Every child adopted from the public care system in the UK has a complex and individual history of early adversity that may include early experiences of maltreatment, neglect, or household dysfunction. Some children may have been exposed to drugs or alcohol in utero or may have a higher genetic risk for mental health problems. All children placed for adoption experience separation from their birth parents and some degree of instability in their living circumstances during their time in care. 

Although the context of the adoptive family aims to provide children with stability, protection, and a loving and stimulating environment, early adversity can have profound consequences for development. Although evidence suggests that many adopted children fare well, their experiences of early adversity places them at greater risk for developing emotional and behavioural problems. In this webinar, Dr Amy Paine presents findings from the Wales Adoption Cohort Study (2015-2020), where our primary aim was to increase understanding of the factors that supported successful outcomes for Welsh children adopted from care in the transition from early to middle childhood. Also presented are the findings regarding the neuropsychological profiles and mental health of Welsh children adopted from care in 2015 and the impact of family relationship quality on their later psychological health.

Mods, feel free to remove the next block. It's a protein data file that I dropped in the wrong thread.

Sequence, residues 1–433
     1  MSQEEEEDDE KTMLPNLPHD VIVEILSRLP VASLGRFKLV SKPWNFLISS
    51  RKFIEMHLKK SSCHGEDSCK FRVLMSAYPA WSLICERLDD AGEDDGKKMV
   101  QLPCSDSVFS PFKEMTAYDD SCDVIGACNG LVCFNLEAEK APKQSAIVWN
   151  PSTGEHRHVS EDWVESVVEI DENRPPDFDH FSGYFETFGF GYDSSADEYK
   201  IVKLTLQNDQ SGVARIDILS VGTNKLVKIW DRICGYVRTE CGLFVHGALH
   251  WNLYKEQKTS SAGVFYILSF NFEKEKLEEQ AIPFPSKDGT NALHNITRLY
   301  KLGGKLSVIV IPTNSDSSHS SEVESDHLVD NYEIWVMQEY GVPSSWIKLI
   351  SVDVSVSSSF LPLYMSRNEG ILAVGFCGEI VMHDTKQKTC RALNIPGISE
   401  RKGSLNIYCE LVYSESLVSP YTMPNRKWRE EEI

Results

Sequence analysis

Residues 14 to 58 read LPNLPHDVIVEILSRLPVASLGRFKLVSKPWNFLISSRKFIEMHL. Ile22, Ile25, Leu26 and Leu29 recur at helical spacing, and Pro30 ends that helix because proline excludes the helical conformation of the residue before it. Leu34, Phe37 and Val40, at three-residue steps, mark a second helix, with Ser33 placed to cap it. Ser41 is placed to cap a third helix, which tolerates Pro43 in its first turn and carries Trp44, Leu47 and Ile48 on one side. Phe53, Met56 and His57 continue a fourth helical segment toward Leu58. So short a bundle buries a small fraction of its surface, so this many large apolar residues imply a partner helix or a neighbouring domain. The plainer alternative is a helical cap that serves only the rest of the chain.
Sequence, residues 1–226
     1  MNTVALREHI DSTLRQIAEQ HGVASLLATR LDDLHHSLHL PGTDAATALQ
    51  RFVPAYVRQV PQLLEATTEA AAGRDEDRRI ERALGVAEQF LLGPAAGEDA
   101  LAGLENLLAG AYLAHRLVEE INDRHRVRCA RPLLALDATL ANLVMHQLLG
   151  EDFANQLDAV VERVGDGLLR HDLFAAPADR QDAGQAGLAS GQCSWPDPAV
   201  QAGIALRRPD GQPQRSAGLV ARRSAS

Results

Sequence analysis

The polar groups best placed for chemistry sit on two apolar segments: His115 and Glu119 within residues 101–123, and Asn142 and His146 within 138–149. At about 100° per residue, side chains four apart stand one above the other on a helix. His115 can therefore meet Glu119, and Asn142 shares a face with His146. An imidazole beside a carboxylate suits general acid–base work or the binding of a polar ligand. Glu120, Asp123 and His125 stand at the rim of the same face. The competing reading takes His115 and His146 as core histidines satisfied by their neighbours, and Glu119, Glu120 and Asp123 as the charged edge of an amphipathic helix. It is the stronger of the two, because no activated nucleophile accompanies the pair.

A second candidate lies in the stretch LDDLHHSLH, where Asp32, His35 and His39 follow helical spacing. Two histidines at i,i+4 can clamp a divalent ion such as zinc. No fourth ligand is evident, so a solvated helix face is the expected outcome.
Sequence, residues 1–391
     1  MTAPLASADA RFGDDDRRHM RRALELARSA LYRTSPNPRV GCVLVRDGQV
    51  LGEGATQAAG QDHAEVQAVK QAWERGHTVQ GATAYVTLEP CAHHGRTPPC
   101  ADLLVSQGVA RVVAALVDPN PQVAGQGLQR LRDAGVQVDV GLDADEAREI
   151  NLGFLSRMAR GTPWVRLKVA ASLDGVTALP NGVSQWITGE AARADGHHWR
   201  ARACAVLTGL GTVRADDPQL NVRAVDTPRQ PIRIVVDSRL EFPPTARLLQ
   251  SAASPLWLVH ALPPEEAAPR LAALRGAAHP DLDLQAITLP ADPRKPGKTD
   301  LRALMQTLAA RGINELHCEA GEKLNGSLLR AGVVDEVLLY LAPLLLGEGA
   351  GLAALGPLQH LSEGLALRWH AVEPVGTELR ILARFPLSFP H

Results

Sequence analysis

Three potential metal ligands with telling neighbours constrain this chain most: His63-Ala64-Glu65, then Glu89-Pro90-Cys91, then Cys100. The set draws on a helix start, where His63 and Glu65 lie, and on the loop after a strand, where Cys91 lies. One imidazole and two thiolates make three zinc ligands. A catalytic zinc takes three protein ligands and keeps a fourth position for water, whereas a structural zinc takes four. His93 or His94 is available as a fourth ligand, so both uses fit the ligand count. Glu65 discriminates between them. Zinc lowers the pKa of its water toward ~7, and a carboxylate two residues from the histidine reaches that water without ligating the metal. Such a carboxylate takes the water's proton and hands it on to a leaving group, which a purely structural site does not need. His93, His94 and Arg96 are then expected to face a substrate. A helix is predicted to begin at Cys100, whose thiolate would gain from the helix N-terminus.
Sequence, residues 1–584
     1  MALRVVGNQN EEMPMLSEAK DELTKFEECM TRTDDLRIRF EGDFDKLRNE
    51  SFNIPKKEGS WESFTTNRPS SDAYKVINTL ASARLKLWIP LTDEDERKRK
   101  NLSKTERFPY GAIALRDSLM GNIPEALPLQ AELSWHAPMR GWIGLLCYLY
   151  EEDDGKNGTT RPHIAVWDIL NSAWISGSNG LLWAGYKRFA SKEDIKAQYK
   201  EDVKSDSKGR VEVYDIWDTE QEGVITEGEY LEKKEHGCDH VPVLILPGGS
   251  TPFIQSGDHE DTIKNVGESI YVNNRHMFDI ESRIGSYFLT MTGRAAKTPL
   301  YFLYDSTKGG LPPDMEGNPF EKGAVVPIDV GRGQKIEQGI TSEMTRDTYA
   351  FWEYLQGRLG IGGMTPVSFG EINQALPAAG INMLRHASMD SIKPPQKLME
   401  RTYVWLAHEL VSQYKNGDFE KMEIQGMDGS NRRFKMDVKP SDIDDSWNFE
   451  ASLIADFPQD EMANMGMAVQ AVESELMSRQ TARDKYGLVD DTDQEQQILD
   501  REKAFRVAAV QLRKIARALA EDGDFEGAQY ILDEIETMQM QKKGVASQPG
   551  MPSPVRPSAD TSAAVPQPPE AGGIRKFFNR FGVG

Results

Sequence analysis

Presented by: Dr. Amy Paine, School of Psychology, Cardiff University.